The security of the network is relative to the value of the network IE: If the market cap of a coin is $100 and there is $200 worth of mining occurring on the network, then you know it would be very difficult to profit from performing a 51% attack on the network. Now let’s say the market cap is $1,000,000 and there is only $200 worth of mining occurring on the network, now it would be easy to profit from performing a 51% attack on the network, for instance you could short the coin, then publicizing a 51% attack on the network allowing the value to tank, and/or spend it and then 51% the transaction to keep the coin, or do both. Either way the attacker should easily be able to recover more than the cost of the attack; so you can see that as the value of a coin increases the potential return from attacking it also increases. So, in order to keep the network secure, it must pay for people to mine on the network.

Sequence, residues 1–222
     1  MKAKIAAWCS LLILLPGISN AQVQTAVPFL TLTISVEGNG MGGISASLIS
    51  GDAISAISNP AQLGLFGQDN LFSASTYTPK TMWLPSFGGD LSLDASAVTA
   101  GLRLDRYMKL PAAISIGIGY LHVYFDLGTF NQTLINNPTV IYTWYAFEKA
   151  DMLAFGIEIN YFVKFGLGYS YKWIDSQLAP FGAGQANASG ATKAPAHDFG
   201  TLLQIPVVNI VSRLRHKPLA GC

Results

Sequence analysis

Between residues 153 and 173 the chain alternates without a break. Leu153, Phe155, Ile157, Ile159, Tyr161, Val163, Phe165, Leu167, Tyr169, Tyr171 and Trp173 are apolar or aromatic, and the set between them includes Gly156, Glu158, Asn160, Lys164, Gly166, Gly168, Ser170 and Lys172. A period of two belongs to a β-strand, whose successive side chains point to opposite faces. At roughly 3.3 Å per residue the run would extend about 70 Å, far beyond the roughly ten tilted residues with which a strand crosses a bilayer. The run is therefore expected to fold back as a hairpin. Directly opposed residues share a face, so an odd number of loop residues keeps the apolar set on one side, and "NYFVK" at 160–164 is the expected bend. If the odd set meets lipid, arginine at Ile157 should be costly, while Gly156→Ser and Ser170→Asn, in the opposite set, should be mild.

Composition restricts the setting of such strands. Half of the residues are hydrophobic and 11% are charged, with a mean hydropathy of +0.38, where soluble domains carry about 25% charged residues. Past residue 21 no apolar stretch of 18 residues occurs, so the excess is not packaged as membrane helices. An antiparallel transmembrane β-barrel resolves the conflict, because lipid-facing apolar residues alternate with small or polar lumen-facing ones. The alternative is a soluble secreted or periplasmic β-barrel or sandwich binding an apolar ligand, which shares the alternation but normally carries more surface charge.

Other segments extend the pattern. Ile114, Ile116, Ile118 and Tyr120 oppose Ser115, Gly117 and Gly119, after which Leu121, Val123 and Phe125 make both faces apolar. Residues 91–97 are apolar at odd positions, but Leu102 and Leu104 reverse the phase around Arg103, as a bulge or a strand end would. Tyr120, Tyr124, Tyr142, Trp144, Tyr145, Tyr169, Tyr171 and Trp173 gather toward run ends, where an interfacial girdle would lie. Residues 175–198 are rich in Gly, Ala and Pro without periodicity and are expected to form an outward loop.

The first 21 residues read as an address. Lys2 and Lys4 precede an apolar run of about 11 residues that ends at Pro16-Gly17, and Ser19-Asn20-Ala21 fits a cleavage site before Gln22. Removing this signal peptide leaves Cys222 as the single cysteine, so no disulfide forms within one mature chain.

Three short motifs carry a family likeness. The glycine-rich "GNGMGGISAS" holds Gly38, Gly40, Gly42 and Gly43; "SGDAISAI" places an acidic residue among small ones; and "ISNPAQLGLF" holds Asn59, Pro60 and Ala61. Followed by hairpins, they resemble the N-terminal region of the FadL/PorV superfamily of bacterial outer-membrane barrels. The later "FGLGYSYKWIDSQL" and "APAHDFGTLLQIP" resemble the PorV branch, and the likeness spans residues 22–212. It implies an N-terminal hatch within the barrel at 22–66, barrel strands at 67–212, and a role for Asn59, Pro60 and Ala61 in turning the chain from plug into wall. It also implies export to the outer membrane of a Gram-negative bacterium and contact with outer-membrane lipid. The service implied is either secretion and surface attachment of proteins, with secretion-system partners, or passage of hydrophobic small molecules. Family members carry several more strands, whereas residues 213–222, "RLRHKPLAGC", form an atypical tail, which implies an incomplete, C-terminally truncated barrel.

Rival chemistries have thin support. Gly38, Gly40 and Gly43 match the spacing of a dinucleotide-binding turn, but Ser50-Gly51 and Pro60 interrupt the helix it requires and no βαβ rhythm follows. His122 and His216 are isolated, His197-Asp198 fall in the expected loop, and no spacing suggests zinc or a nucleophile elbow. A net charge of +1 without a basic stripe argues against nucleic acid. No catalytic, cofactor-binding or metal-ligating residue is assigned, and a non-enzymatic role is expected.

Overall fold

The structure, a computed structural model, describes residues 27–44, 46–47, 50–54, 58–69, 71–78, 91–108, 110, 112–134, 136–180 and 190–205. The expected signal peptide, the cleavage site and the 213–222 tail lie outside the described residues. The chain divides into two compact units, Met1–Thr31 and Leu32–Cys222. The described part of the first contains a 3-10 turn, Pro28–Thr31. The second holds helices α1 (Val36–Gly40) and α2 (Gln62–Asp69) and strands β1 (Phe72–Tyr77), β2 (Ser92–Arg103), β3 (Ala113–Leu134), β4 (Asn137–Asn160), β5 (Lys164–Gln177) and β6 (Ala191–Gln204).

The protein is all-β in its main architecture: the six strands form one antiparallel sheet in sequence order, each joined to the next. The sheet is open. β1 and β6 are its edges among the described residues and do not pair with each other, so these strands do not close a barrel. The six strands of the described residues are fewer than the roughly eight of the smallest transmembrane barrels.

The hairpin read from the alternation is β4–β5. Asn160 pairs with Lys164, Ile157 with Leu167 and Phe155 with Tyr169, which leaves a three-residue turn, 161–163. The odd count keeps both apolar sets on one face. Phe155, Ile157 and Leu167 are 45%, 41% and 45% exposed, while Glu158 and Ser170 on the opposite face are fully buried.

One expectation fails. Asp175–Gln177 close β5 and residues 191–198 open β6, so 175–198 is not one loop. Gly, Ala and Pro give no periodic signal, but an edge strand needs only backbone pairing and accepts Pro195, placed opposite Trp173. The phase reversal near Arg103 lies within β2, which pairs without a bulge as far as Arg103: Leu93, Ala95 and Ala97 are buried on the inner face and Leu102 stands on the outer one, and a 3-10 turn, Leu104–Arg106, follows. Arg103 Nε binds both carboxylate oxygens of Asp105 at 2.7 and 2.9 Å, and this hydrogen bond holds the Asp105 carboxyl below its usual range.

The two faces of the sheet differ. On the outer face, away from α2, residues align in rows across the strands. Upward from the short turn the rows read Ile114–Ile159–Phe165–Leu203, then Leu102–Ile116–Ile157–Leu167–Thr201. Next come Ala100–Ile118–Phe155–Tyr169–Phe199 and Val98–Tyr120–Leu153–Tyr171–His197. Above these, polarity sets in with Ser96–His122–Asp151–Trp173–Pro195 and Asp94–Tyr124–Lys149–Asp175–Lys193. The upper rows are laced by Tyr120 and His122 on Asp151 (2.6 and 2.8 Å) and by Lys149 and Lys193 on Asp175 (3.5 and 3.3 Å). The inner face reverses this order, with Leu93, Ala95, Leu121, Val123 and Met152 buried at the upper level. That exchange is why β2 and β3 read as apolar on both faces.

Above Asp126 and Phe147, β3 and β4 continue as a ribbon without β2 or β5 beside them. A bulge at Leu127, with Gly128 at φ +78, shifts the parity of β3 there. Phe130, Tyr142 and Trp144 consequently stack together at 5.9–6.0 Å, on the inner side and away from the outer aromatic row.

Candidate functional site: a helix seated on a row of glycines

So how does the network pay for its security?

The security of the network is paid for in two ways; by emissions and transaction fees. As the emissions rate of a coin decreases, in order to keep the incentive to secure the network constant, the portion of the networks security paid for by transaction fees must increase. Meaning that as the emissions rate of the coin decreases, users must either choose between increasingly low relative levels of security or increasingly larger transaction fees, either from increased volume or from increased fees, to sustain the same relative security.

So what does this mean?

Driven by an increased expected future value of the coin and a decreased desire to transact in the coin, both caused by deflation, users will continue to prefer lower transaction fees over higher security, thus making the network increasingly insecure until there is a failure. This is to say that while gross transaction volumes will likely increase, absent technological barriers, never-the-less the increase in total transaction fees will not be proportional to the increased value of the coin.

In this way we can see that emissions/inflation allows for the security of the network to be paid for through the coin’s value. While any coin that doesn’t have an increasing emissions rates ultimately has capped its security relative to its value and the number of transactions on the network.